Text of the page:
On May 19, the first British queen consort was executed for crimes that some historians believe she never committed. What else happened today in history?
1536: The Execution of Anne Boleyn
On May 19, 1536, Queen Anne, the second wife of Henry VIII, was led to Tower Green, London, where she was executed by sword. She was charged and convicted of high treason, adultery, incest and witchcraft. It is possible that she never committed the crimes and she, and the five men executed two days earlier, were part of a plot to remove the Boleyn faction from court. Her body and head were placed in an elm arrow chest and buried in an unmarked grave at St. Peter ad Vincula. Her body has since been retrieved—at least, historians believe—and has been buried in the peaceful chapel now with a place mark.
1568: Mary, Queen of Scots Escapes to England
After losing a battle days earlier, Mary, Queen of Scots fled for England. She had hoped that her cousin Elizabeth would give her safety. Instead, Elizabeth I of England had her imprisoned, where she remained for the next 19 years. She was eventually executed for treason after Elizabeth signed the death warrant, although Elizabeth wasn’t happy it happened.
Exactly 20 years later, the Spanish Armada would set sail. Queen Elizabeth I had a war with the Spanish on her hands.
1864: Lincoln Wants Soldiers’ Dependents to Get Equal Treatment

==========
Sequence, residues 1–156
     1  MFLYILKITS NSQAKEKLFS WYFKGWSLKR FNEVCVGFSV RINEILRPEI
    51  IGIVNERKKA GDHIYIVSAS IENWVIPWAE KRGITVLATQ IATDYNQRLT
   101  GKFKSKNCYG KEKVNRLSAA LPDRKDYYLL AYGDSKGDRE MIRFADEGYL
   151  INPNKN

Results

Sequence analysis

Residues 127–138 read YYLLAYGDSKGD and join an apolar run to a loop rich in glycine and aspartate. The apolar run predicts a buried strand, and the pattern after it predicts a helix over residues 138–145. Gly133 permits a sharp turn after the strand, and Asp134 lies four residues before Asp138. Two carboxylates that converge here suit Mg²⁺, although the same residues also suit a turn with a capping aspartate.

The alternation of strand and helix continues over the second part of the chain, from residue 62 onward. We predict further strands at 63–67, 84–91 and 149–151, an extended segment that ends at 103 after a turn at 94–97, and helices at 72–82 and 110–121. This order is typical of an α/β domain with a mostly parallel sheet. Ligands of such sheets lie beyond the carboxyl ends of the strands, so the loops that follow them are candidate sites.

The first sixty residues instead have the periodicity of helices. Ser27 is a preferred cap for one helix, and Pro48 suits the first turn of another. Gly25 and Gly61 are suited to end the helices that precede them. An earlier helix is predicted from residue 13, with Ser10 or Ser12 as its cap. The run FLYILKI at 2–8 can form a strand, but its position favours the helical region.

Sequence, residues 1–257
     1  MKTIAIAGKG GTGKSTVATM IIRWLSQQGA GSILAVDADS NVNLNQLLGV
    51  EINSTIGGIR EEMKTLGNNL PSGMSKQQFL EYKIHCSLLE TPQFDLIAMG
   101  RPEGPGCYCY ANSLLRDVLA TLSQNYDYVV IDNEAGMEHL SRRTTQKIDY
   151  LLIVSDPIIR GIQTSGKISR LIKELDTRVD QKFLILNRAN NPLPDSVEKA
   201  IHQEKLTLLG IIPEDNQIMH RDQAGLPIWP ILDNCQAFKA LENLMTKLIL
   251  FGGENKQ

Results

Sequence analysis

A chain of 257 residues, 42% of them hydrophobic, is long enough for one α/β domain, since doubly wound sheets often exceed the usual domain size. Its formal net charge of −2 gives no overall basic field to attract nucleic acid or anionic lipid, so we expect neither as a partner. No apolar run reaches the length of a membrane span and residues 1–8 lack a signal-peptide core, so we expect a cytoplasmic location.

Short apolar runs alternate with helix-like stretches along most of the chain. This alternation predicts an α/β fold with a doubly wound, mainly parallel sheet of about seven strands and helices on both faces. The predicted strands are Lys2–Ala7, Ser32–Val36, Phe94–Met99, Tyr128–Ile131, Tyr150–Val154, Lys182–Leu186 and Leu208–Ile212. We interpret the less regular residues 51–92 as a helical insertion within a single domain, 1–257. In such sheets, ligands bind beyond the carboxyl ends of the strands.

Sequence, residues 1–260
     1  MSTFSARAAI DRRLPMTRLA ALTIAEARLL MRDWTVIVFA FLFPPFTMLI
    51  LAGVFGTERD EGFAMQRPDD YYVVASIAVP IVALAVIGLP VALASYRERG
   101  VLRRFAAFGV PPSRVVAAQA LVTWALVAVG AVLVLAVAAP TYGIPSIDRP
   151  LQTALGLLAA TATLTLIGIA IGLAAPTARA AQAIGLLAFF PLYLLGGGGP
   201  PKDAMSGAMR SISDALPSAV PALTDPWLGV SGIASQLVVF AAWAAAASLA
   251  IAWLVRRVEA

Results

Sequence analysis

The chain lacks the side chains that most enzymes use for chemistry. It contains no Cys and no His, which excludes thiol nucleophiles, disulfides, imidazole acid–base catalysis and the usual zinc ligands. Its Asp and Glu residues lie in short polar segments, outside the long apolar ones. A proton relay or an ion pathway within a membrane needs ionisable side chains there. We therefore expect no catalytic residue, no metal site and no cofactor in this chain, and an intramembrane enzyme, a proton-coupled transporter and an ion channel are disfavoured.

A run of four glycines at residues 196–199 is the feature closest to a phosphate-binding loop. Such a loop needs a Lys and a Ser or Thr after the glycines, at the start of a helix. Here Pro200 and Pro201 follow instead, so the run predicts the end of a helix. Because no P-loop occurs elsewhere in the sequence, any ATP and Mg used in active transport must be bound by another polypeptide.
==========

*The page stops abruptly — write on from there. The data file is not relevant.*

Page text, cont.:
President Abraham Lincoln was all for equality, and that showed in his belief that all widows and children of those service should be given equal treatment. It didn’t matter whether they were black or white. This followed the death Major Lincoln F. Booth at Fort Pillow, which had led to a massacre of black Union forces and is still considered one of the worst acts in the Civil War. By 1866, a bill was passed allowing equal treatment, but Major Booth’s widow is never listed has applying or receiving her widow’s pension.
1943: D-Day Plots Begin
With the United States and United Kingdom now working together in World War II, it was time to finally bring it to an end. President Franklin Roosevelt and Prime Minister Winston Churchill planned D-Day on this day, with the date for landing set. Churchill wanted the date to be relatively early to avoid the Allies becoming split and tired, which is something the Axis powers wanted. D-Day would take place on May 1, 1944 and it would be the start of the end of World War II.
Famous Birthdays on May 19
Sculpture Giovanni della Robbia–1469
Pope Innocent XI–1611
Queen Consort of Great Britain, Charlotte of Mecklenburg-Strelitz–1744
Philosopher Johann Gottlieb Fichte–1762
Maria Isabel of Portugal, Queen of Spain–1797
First female in the House of Commons Lady Nancy Astor—1879
Political leave Ho Chi Minh—1890
Activist Malcolm X—1925
Journalist James Lehrer—1934
Food and health writer Jane Brody—1941
Comedian Victoria Wood—1953
Basketball player Kevin Garnett—1976
Stay With Me singer Sam Smith—1992
Birthdays from OnThisDay.com, HistoryNet.com and FamousBirthdays.com
Featured image from Deposit Photos
Anne Boleyn: https://en.wikipedia.org/wiki/Anne_Boleyn#/media/File:Anne_boleyn.jpg
Abraham Lincoln: https://en.wikipedia.org/wiki/Abraham_Lincoln#/media/File:Abraham_Lincoln_O-77_matte_collodion_print.jpg
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